A photograph of a road and rail line Between Hapuku and Mangamaunu, South Island, New Zealand

With todays computing power (including embedded and hobby board computers), the commoditisation of web cameras, and the maturity of computer vision software and object detection algorithms, anyone can play around computer vision for negligible cost.

In this guide I'll give you a rough start to streaming content from an IP camera to OpenCV (tested on v2.4.10) for building your own computer vision projects. Although the code in this guide is written in Python there are many other languages supported by OpenCV.

Ai-Ball IP camera


Just give me the code: GitHub

IP camera streaming into OpenCV

As getting vision from an IP camera into OpenCV is an unnecessarily tricky stumbling block, we’ll only concentrate on the code that streams vision from an IP camera to OpenCV which then simply displays that stream.


import numpy as np
import cv2
import time
import requests
import threading
from threading import Thread, Event, ThreadError

class Cam():

  def __init__(self, url):
    self.stream = requests.get(url, stream=True)
    self.thread_cancelled = False
    self.thread = Thread(target=self.run)
    print "camera initialised"

  def start(self):
    print "camera stream started"
  def run(self):
    while not self.thread_cancelled:
        a = bytes.find('\xff\xd8')
        b = bytes.find('\xff\xd9')
        if a!=-1 and b!=-1:
          jpg = bytes[a:b+2]
          bytes= bytes[b+2:]
          img = cv2.imdecode(np.fromstring(jpg, dtype=np.uint8),cv2.IMREAD_COLOR)
          if cv2.waitKey(1) ==27:
      except ThreadError:
        self.thread_cancelled = True
  def is_running(self):
    return self.thread.isAlive()
  def shut_down(self):
    self.thread_cancelled = True
    #block while waiting for thread to terminate
    while self.thread.isAlive():
    return True

if __name__ == "__main__":
  url = ''
  cam = Cam(url)

Congratulations, you’re now streaming content into OpenCV. NB: Change the url to suit your particular camera.

Please explain.

I’ve had trouble with OpenCV and mpeg streams (even though OpenCV has support for this) as was the case in this instance with an Ai-Ball Wi-Fi camera. The code here deals with the camera’s mpeg stream directly and passes each image in that stream to OpenCV for consumption. As each (jpeg) image in the stream is binary encoded and each image frame contains a start marker '\xff\xd8' and an end marker '\xff\xd9' we can easily detect those markers and segment our stream into individual images. Many other people seem to have a similar problem so there are many other explanations and examples out there.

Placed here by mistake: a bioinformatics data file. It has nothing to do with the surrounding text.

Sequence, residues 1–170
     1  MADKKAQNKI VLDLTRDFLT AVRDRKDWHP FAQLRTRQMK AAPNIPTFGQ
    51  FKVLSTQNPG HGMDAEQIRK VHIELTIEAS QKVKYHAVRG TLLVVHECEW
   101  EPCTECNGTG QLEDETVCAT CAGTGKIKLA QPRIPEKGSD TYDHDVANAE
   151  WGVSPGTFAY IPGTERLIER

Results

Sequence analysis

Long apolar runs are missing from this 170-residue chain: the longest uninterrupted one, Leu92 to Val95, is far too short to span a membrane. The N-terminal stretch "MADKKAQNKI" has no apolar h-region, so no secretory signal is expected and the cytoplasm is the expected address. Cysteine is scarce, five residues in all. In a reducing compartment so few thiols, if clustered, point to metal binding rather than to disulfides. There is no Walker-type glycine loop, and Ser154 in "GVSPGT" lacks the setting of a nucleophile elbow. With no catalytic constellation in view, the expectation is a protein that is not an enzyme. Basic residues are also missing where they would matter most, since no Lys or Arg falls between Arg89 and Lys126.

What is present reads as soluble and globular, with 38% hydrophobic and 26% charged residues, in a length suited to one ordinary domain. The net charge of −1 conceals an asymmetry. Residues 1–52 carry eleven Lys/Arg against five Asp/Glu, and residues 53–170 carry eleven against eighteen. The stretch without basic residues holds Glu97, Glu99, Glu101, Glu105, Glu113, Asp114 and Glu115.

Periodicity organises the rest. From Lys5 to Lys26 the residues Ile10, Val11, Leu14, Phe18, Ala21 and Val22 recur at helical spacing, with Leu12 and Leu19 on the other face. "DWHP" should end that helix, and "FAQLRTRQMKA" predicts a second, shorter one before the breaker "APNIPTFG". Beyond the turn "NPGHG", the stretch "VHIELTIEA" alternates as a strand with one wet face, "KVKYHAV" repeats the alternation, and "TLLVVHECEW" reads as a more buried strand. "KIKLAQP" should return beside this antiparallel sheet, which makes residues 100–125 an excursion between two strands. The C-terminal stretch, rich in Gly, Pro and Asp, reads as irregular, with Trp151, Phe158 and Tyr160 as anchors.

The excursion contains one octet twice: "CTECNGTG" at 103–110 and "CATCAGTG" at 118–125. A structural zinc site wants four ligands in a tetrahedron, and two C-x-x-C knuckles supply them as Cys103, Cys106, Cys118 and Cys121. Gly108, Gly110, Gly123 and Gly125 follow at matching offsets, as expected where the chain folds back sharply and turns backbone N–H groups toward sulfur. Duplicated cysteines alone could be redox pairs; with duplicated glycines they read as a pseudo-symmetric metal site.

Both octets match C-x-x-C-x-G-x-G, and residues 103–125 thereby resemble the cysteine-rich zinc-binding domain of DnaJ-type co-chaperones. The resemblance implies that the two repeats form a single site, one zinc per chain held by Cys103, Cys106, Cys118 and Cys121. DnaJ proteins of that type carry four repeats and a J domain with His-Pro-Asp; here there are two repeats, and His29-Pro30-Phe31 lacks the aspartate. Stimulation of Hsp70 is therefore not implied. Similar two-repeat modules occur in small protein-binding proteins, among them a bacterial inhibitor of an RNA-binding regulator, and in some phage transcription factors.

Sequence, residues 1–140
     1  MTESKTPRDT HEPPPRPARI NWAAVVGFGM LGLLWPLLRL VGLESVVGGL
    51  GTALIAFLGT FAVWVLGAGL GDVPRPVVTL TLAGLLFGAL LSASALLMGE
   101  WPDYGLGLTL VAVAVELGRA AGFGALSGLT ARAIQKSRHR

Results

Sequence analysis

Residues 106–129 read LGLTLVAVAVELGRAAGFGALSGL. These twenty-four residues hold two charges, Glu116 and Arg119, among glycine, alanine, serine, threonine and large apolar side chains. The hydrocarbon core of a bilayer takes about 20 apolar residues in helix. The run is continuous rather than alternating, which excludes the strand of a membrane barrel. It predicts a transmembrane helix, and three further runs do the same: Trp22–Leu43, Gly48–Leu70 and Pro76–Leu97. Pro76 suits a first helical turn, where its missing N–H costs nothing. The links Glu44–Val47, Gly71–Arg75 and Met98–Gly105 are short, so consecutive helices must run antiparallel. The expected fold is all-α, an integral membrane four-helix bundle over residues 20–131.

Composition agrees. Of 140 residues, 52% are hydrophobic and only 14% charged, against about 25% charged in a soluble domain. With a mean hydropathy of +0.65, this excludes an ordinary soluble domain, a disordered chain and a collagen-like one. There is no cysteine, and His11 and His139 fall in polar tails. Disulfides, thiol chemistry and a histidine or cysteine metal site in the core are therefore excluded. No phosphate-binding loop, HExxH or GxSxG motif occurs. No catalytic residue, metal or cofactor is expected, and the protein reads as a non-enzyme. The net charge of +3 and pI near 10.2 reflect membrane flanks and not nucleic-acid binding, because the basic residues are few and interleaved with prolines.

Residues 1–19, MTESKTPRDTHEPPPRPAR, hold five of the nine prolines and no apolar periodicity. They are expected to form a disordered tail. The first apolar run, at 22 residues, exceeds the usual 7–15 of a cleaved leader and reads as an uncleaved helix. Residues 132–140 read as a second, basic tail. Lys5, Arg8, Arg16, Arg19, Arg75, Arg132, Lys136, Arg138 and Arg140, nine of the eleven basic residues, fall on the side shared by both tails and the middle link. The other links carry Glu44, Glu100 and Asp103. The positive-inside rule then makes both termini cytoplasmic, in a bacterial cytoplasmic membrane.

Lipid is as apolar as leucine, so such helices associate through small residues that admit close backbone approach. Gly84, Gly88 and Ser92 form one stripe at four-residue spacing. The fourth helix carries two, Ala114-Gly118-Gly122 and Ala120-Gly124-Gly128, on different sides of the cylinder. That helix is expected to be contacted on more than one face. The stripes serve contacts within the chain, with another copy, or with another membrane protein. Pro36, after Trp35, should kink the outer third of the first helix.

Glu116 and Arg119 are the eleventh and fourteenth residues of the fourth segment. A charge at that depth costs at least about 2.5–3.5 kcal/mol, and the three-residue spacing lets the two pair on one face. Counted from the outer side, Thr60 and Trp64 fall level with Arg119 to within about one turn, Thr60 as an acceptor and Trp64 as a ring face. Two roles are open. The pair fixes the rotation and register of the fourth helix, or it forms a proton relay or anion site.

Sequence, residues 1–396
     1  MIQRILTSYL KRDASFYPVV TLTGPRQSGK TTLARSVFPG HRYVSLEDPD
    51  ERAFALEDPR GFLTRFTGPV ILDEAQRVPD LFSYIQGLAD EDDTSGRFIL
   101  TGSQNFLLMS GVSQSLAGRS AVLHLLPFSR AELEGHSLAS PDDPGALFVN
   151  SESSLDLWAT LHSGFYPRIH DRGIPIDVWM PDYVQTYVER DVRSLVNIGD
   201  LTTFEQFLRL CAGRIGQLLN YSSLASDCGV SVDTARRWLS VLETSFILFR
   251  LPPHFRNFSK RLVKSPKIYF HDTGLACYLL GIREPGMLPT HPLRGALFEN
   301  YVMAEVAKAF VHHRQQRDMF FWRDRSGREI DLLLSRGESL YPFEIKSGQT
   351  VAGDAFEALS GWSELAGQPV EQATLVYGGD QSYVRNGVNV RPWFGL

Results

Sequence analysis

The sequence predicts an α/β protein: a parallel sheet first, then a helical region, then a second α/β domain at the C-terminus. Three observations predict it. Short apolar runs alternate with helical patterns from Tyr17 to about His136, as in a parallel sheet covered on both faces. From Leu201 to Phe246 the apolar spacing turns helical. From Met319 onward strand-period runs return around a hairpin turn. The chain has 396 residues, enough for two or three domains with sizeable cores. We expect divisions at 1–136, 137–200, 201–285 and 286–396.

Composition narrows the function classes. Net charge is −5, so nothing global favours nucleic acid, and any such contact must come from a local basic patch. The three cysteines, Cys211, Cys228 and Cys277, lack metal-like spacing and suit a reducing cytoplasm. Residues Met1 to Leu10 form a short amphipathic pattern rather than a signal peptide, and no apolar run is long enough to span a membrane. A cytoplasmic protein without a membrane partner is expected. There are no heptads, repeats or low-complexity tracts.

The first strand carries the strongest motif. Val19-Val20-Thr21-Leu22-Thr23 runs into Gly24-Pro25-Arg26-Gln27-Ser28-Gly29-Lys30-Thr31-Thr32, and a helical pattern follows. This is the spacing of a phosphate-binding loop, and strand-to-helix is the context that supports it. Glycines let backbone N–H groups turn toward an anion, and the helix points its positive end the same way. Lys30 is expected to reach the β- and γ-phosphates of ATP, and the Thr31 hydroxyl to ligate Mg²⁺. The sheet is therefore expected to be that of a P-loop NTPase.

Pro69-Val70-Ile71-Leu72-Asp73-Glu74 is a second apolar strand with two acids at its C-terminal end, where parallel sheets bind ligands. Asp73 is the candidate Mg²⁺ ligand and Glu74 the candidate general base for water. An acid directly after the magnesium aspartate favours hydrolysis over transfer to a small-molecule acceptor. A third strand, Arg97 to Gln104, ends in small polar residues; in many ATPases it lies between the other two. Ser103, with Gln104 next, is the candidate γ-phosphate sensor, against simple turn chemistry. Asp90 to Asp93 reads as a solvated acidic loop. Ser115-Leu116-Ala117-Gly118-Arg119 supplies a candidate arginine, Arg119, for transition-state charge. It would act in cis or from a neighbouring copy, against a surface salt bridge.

Here are a couple of examples of what you might want to do using OpenCV and some very lightweight built-in object detection algorithms (nothing fancy, just some crude knock-ups I’ve made for demo purposes):

First up, with relatively little extra code, and no other equipment, we can use fiducials to track position and orientation of objects:

Feature Matching + Homography to find Objects using OpenCV and the ORB (oriented BRIEF) keypoint detector and descriptor extractor. Determines the (x,y,z) of the centre point of a marker in order to determine where it is in 3D space relative to the camera.


  • OpenCV
  • ORB (oriented BRIEF) keypoint detector and descriptor extractor (one of many OpenCV object detection algorithms)
  • Ai-Ball web camera

Below is a more complex example that utilises an SMI Red 500 eye-tracker and PyViewX. NOTE: Eye-trackers are rapidly becoming a commodity item, and at the time of writing, the Tobii EyeX developer kit was available for $99USD. I have achieved very good results with this particular eye-tracker and the development SDK (C# only at this point in time) provides gaze and fixation event streams out of the box allowing you to build working models pretty quickly.

Feature Matching + Homography + Eye Tracking and Gaze Fixation to identify objects and locate them in space.

Determines fixation start and end points, and for the duration, draws a bounding box around the fixation area of interest (AOI) on the screen. If a recognised marker is within that box (i.e. we’re looking at an object) determine the (x,y,z) of the centre point of that marker in order to determine where it is in 3D space relative to the camera. NOTE: The fixation bounding box is for demonstration purposes only. In a real deployment you would not want to display the fixation bounding box as it distracts the user, which in turn changes their gaze point.


  • OpenCV
  • ORB (oriented BRIEF) keypoint detector and descriptor extractor (one of many OpenCV object detection algorithms)
  • SMI Red 500 eye tracker
  • PyViewX (remote streaming client for SMI eye tracker)
  • Ai-Ball web camera


The purpose of this rough and ready example is to get you started with getting IP camera streams into OpenCV. As shown in the second example in this article, eye-tracking can be easily integrated into computer vision projects and with the present day commoditisation of eye-trackers for the consumer market (including embedded in phones), the application for products combining computer vision and eye-tracking, along with other now commonly available technology like GPS, accelerometers, IMU’s, etc. is opening up many new development opportunities in computer vision.

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